I rejoice the coming of March 8 every year, largely because I can open the papers and be greeted with pictures of female writers, rather than “kiss-and-tell” girls; celebrated athletes, not glorified anorexics; matriarchs, instead of WAGs. Because for our popular press, the other 364 days of the year are resolutely “National Men’s Day”.
There is a disparity between how woman is represented in our popular media and how she sees herself.
Something seems to have been displaced and rather than those with the most public exposure setting the example for us ordinary folk, it appears to be the other way round. The more column inches a woman has, the less you want the young women of Britain to emulate her.
Young women desperately need to be exposed to different role models, not the helpless, troubled sex objects that our media is obsessed with. Cheryl and Jordan are held up by men to pity, protect and lust after, but never to respect. Even political coverage has become sidetracked by the fixation on wives. It began during the election campaign with the relentless analysis of Samantha Cameron, Sarah Brown and Miriam Gonzalez Durantez’s clothes and hair, and has escalated to a point where it is now perfectly acceptable for The Evening Standard to print semi-naked pictures of the Speaker’s wife.
This blinkered media representation of women was highlighted when I recently attended a talk with Gigi Ibrahim, the citizen journalist and “face of the Egyptian revolution”. Her talk was passionate, inspiring and embracing. She spoke of fighting thugs on horses, preparing for battle and mobilising a whole section of society previously politicised.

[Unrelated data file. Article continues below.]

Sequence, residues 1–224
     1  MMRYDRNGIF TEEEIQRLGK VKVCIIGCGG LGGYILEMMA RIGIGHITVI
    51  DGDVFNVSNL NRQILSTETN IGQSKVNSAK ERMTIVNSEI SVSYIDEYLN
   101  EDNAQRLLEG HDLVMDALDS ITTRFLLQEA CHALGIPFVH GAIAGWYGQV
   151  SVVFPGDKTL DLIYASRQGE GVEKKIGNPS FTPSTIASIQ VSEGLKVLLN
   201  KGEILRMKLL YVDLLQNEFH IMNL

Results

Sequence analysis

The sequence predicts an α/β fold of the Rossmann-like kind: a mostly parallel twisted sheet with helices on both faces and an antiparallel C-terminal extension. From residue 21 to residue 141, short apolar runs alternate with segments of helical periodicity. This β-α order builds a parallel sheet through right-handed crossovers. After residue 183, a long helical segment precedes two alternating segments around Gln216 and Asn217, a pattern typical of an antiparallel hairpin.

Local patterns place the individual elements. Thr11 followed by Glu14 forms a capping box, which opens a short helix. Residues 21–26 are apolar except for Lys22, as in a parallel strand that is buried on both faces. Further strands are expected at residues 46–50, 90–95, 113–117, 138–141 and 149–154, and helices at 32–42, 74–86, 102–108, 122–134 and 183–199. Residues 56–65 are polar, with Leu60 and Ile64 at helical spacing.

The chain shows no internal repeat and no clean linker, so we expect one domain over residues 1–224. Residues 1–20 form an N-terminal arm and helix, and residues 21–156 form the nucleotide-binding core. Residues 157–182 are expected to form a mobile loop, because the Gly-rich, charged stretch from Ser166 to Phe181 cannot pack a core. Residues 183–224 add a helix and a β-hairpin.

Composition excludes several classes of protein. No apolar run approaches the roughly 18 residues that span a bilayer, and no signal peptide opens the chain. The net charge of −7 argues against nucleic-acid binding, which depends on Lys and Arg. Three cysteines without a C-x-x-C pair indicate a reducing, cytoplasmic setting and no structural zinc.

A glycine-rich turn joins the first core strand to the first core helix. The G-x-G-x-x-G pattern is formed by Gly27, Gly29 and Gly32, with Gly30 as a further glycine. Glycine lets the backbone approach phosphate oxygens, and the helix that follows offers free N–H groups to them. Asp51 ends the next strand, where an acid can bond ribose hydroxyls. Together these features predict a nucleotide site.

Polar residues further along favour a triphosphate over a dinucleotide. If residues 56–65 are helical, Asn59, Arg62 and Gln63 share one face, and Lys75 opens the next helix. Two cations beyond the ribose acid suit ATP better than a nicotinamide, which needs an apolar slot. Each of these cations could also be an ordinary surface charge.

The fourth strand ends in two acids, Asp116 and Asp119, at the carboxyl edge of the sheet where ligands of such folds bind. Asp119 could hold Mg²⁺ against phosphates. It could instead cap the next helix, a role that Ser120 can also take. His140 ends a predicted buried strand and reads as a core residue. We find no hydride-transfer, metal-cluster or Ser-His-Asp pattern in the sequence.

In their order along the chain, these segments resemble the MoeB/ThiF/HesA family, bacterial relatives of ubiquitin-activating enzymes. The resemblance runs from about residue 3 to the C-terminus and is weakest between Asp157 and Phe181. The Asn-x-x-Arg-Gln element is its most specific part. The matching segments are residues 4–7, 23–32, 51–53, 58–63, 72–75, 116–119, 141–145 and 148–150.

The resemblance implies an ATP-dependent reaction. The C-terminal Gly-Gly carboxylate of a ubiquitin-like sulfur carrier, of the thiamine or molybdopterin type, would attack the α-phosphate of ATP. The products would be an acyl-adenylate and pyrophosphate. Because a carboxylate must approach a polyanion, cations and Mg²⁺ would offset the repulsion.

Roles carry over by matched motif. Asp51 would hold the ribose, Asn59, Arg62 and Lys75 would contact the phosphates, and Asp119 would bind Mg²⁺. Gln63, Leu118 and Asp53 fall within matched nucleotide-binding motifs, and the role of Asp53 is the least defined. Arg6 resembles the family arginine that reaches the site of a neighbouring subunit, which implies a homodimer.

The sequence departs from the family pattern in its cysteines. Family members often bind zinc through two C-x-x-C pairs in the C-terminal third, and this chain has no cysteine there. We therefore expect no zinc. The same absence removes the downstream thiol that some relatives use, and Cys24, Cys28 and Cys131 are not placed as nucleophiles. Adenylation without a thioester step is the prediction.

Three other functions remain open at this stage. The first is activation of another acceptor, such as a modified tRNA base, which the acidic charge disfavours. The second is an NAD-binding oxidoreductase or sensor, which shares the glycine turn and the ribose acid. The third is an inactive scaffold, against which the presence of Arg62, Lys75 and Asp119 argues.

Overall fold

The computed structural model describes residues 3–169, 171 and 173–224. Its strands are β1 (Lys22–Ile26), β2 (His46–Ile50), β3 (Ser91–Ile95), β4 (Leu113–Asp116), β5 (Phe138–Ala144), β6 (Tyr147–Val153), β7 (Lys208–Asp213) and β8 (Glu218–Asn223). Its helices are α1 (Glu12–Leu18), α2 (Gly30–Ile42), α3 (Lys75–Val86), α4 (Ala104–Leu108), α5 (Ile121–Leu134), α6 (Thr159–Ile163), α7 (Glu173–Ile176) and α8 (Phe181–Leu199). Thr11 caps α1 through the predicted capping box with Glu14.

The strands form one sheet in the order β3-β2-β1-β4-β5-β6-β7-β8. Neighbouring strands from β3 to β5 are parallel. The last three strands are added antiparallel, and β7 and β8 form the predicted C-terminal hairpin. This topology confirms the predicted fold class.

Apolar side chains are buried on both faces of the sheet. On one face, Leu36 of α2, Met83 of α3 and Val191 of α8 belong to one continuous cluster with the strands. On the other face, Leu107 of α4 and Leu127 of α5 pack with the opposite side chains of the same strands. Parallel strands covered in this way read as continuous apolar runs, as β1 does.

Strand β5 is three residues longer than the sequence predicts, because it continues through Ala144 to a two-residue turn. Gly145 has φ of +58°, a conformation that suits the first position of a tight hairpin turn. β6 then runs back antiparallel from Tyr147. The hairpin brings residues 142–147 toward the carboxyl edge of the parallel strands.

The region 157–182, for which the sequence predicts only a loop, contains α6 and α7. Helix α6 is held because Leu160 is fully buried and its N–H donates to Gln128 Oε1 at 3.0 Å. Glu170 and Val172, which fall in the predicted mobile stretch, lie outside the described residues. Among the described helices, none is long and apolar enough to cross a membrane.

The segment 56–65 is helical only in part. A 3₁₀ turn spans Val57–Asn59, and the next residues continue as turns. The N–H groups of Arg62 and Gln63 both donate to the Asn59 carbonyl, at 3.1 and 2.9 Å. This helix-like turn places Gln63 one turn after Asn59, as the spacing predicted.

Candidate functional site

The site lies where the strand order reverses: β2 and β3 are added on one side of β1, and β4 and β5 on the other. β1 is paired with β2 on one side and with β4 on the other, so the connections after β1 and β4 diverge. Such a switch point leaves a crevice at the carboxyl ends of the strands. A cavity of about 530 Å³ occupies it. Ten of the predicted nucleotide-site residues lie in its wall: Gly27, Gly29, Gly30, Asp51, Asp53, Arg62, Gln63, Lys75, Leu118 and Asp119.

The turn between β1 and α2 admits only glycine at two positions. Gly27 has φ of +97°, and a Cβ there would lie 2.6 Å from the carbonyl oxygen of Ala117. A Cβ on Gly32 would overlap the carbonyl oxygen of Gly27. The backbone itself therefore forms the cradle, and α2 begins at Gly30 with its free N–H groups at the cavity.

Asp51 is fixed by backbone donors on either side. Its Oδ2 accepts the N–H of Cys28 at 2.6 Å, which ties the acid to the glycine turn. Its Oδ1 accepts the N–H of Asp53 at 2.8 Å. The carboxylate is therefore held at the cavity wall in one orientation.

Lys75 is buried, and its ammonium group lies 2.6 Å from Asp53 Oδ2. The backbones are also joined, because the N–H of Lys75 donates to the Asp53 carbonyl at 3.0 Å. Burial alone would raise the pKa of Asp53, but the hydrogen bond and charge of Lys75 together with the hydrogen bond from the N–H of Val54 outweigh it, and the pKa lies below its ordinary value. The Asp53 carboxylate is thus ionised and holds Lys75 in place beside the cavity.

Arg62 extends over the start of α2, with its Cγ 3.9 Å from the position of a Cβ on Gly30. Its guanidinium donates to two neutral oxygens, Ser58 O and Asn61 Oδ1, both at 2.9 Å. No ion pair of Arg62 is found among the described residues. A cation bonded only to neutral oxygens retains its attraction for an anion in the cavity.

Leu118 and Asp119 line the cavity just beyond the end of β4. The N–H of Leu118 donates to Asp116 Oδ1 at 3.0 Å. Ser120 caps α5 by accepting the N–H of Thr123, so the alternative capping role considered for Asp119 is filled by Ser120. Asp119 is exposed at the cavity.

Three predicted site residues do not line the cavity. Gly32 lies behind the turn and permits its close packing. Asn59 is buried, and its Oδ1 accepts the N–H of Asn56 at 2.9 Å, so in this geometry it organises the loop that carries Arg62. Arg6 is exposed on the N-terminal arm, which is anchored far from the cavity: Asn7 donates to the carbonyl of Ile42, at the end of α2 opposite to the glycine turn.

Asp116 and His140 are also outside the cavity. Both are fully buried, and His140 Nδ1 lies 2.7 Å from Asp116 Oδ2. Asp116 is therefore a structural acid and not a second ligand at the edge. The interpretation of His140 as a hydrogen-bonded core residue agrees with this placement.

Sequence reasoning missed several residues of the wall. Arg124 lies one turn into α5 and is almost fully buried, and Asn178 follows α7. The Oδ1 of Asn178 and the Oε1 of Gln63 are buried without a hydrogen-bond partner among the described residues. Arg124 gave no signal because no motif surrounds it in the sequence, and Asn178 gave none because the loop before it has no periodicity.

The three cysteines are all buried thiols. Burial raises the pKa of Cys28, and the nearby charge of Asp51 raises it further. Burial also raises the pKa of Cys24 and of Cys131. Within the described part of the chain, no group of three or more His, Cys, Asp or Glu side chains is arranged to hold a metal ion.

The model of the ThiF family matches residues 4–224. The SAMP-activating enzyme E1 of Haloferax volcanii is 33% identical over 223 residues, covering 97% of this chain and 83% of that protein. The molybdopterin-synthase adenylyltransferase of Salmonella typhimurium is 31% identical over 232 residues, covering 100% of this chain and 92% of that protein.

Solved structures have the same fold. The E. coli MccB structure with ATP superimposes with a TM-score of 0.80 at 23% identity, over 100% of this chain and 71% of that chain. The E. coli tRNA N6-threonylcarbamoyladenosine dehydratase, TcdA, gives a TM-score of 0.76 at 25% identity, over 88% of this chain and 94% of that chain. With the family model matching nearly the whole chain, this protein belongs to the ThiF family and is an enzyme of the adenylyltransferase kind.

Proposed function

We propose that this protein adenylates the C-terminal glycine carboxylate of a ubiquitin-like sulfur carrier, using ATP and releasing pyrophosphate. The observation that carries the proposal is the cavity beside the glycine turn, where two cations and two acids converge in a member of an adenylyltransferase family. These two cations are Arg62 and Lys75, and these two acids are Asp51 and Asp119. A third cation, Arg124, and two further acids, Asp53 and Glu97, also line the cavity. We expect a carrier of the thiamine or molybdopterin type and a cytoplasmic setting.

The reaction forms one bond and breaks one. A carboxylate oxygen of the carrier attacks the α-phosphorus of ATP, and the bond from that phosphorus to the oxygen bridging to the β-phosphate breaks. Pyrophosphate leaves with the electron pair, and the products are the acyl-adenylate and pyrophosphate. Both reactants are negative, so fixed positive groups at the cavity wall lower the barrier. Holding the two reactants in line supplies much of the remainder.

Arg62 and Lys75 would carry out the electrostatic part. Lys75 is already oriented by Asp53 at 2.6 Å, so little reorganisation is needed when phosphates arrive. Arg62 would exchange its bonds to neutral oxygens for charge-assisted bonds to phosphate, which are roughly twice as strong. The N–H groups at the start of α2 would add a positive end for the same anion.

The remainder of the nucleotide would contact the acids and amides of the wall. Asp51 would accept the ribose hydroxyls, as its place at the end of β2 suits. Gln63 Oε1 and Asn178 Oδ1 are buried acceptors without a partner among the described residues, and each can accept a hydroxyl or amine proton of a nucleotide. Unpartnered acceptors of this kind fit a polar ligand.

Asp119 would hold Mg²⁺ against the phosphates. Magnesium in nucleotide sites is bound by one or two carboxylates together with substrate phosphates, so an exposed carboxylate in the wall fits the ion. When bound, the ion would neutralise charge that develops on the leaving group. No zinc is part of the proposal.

When it came to questions, however, she audibly sighed as she heard the most prominent query on the tongue of the Western audience: “What was the presence of women in this revolution Gigi?”
The exasperated activist patiently explained that her revolution is above male and female roles – it is the people’s revolution, not some backdrop for re-emphasising gender differences. “It is the obsession of your media,” she answered. “They want to paint the Arab women in a certain way.”
Egyptian women were not excluded from the revolution; their presence was clearly documented, from short posts on Twitter to in-depth features on Al-Jeezera. But our media chose not to represent them. From the British media coverage it would appear that the only female face visible in the crowds of protestors was Gigi herself – the BBC’s beautiful and charismatic revolutionary go-to girl.
The role models are there. The female revolutionaries, artists, academics, politicians and scientists are active. It is just that our popular media refuses to write about them.